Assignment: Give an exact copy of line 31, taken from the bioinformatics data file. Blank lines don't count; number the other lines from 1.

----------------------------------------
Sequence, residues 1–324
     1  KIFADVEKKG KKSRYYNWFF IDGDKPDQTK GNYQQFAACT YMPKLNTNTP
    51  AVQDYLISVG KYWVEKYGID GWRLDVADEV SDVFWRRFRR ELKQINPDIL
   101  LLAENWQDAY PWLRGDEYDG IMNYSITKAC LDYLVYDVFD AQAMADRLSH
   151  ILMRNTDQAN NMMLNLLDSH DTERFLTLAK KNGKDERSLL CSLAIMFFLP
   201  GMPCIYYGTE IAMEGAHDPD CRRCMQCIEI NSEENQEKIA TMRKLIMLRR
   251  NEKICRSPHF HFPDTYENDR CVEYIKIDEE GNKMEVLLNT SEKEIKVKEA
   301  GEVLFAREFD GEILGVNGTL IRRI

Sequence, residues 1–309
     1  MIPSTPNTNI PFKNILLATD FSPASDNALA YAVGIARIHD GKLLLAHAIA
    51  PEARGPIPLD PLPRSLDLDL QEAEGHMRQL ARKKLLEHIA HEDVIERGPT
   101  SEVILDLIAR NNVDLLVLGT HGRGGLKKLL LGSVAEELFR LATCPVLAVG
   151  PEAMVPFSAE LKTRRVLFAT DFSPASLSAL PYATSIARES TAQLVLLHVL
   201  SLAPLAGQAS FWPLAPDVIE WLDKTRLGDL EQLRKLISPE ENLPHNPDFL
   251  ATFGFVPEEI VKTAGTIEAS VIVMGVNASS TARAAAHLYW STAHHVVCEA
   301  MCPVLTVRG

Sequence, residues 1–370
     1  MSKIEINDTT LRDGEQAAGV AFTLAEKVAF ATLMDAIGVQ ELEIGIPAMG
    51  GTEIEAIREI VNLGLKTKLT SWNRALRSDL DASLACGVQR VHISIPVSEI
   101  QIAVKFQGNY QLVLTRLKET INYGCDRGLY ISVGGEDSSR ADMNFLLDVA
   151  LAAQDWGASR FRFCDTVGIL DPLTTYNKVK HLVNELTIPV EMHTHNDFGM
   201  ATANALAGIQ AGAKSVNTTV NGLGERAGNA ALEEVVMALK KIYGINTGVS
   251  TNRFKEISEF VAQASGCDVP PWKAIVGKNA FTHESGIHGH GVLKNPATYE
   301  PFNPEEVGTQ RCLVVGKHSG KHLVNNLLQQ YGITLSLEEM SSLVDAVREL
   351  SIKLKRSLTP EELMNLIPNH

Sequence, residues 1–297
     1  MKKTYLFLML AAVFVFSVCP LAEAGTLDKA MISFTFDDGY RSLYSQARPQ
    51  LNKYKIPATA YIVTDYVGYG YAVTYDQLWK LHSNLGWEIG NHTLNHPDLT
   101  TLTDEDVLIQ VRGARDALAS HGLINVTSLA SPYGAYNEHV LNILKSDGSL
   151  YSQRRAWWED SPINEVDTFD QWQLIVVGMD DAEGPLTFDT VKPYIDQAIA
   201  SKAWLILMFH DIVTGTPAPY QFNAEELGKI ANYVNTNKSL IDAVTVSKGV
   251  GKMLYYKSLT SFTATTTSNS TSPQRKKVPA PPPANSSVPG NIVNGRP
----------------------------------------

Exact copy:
   201  SKAWLILMFH DIVTGTPAPY QFNAEELGKI ANYVNTNKSL IDAVTVSKGV